Themes and Meanings
Although no time period is specified, behind the events in the old bird’s life looms the menace of the Depression, of three-cent newspapers, five-cent cups of coffee, and ten-cent hamburgers. Thus, the Newmans’ story has a special poignancy that comes from not knowing what will become of these two old people after the Christmas season ends and Mr. Newman’s job is finished. The main theme of “The Old Bird: A Love Story” is the humiliation suffered by proud people when their working lives are effectively used up. The Newmans apparently have scant savings, if any, and there is no hint of children whose loving ministrations might ease their passage to the grave. Their future is bleak. After the inevitable Christmas layoff, Mr. Newman will take to haunting the employment offices again, but the result will be rejections and disappointment.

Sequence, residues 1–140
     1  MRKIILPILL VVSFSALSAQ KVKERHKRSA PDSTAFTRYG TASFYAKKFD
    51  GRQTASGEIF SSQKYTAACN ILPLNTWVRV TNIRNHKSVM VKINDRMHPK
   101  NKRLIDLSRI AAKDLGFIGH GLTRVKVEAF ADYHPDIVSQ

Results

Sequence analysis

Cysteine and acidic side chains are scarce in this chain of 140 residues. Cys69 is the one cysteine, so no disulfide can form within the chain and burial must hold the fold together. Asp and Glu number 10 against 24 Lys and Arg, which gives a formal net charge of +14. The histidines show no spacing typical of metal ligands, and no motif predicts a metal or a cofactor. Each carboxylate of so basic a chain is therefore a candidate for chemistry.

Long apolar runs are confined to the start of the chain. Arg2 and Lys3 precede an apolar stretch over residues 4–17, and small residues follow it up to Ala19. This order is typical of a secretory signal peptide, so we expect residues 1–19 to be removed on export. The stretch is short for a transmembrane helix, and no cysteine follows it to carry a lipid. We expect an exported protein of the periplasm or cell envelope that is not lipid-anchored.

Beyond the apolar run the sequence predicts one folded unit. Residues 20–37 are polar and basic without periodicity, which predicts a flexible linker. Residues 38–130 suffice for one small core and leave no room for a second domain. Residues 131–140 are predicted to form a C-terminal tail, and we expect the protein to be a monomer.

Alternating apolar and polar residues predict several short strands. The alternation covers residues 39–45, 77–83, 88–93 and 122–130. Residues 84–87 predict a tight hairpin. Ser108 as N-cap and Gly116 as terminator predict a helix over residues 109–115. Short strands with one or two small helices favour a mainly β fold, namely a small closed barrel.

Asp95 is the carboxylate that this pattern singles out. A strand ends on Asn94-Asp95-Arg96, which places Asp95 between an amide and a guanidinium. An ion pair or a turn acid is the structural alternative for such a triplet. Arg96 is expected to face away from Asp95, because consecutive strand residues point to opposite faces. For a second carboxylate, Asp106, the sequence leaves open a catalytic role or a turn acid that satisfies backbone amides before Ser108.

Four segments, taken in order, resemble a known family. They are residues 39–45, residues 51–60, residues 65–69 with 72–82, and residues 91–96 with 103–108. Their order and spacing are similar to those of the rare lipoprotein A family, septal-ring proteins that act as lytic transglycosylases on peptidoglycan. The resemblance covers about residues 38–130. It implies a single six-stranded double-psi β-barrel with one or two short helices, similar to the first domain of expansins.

J. F. Powers depicts convincingly the gauntlet that job applicants have to run between the receptionist and the boss. It is a grueling psychological ordeal that saps Mr. Newman’s spirit and has ended in defeat and despair for thousands like him. For this reason, “The Old Bird: A Love Story,” despite its tender portrayal of love, is a grim piece of social realism that evokes the hardship of economic realities.
However, the story is also and finally another dramatization of the conviction that love conquers all. Mr. Newman is an aging Ulysses who, after a trial of hardships, finally makes his way...
(The entire section is 428 words.)